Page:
When are safe places okay?

I am against the idea of safe places (see my previous post on the issue), especially in academia. I believe that if an idea is worthwhile it should be able to survive critic from all sides and safe places, regardless of their intent, hamper that process. How can you critic something if you aren’t supposed to even acknowledge its existence?

I also believe that, if our pluralistic society is to continue, we need to be able to empathize with those who are our intellectual opponents. I’m not saying we should become Marxists and rename the site The People’s Notes. Nor should we become Trumpistas. However we should be able to break bread with non-liberals and hear their side of the story out. We can continue to disagree with them, but we need to be careful to not de-humanize someone because of their ideological leanings. Safe places make this hard to do. If X group isn’t politically correct to talk about, much less with, how can we learn about them?

Safe places are, in more than one way, harmful to a free society.

-But they may still have a place in a free society.

Why the change of heart? It is this whole Trump fiasco. If you haven’t read them yet, several NoL bloggers have written about it here, here, here, etc.

I have seen several extreme reactions to the election of Trump, including quite a bit of anger and sadness. I cried for a good six hours myself when I saw the election results; as I’ve mentioned before I’m an illegal alien and so there is a very real chance I’ll be deported and torn away from the country I’ve loved since childhood. After drying up my eyes though I put that aside and went back to work. How I see it, as liberals we are constantly fighting against anti-liberal forces.

Am I sad that Trump won? Yes, but Hillary wasn’t an angel either. Before Trumpistas we had to fight Communists, Fascists, and every other type of ‘ists’ imaginable. After the Trumpistas are defeated we will have new enemies pop up. I am optimistic that in the grand scheme of things the future is better than the past, but I don’t think we will ever be rid of anti-liberal thought. Equilibrium is an illusion.

But I digress. I went back to work after my crying session, but many others around me didn’t. They couldn’t. And we shouldn’t try to force them to.

I still think safe places are a bad idea in so far that we are concerned about promoting free discussion and would never want to go into one. However maybe I can tolerate one or two of them if they help others improve their mental health. Maybe I can use ‘undocumented’ instead of ‘illegal’ if people are really that emotionally disturbed by it. Maybe I can use someone’s preferred pronoun if ‘he’ really hurts them that much. Maybe I can keep my mouth shut and just listen to someone who is in pain.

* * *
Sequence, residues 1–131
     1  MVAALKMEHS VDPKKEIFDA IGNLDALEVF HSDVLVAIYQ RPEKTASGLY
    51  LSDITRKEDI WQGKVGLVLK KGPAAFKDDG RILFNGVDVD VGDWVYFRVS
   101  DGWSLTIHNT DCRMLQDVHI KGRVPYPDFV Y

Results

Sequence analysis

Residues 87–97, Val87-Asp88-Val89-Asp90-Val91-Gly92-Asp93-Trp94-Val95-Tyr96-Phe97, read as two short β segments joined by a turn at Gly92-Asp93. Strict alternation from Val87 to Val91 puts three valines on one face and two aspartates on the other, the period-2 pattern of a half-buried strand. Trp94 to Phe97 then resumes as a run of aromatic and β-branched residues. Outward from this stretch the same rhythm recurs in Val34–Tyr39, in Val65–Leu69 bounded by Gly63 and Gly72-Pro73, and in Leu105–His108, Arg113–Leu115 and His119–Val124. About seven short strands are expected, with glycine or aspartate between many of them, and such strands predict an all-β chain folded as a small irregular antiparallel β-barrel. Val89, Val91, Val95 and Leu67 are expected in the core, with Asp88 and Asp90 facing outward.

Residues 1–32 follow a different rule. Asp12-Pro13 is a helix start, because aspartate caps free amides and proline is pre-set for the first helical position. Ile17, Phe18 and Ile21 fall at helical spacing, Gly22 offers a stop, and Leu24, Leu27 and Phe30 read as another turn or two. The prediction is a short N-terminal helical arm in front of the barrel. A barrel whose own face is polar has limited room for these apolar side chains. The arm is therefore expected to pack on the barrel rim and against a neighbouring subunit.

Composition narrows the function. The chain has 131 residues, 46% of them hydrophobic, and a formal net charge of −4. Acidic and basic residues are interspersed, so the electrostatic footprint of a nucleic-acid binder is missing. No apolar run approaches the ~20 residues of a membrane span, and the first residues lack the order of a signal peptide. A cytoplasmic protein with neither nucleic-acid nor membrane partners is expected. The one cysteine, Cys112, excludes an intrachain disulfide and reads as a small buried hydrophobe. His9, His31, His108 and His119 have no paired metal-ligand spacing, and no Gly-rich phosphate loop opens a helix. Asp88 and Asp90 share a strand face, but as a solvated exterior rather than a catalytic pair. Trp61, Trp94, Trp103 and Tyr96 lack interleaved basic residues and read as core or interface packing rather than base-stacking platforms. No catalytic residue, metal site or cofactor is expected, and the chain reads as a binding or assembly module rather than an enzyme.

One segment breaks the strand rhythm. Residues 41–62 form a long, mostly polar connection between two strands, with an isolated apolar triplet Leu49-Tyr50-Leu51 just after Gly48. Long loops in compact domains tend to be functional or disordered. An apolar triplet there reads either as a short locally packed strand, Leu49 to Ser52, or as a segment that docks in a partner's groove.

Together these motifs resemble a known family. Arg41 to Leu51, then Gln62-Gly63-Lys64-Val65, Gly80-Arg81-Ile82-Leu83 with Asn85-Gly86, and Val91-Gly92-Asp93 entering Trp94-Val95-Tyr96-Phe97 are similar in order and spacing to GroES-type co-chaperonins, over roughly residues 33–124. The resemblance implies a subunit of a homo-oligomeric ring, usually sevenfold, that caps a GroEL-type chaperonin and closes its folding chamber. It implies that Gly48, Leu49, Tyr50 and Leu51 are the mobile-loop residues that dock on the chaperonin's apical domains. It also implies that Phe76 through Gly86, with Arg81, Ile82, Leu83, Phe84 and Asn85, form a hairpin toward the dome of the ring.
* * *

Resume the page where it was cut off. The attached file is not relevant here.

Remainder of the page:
I think that in the long run we need to be able to stand up to our critics. If you’re gay, you’ll eventually find someone who goes out of their way to tell you your leading a sinful life. If you’re a woman and feel that the patriarchy is why you’re paid less, an economist will eventually lecture you on why that’s wrong. Infantilizing people doesn’t help them. The world is tough, and you need to be rough to survive it. 

However if someone needs a bit more time before they go out and face that world, is it wrong to provide a safe place for them until they feel ready? If I want to make a controversial remark, maybe I shouldn’t do so in the middle of the class. Maybe I should just blog it on NoL.

As always thoughts and comments are always appreciated.

7 thoughts on “When are safe places okay?

  1. I haven’t blogged much, if anything, about safe spaces, largely because I’ve been ambivalent about them.

    If universities want to provide safe spaces for students, they should be free to do so. This is especially apparent if you think about the kind of money students’ parents fork over to schools. If a student experiences some kind of trauma – whether real or imagined – at a university, and it could have been avoided by something like a safe space, then I would definitely provide some if I were running a university.

    On the other hand, as you note, the real world is a harsh place.

    I think of universities as producers of culture. What happens in them eventually trickles down into the rest of society. Corporations are usually the quickest to adapt to university innovations, followed by public institutions such as government-run schools and government bureaucracies, large progressive-minded Protestant churches, and eventually by small businesses, conservative-minded churches (sans the one run from Rome), rural civic associations, etc.

    If the real world is becoming less harsh, and I believe it is thanks to the marginal dismantlement of protectionist/isolationist/welfare-ist government policies, then maybe safe space are just the result of spontaneous order and a much better world…

  2. There are college-age Americans in Syria fighting ISIS and in Afghanistan fighting the Taliban. Do they get safe spaces, too? Here’s an alternative to safe spaces: grow up!

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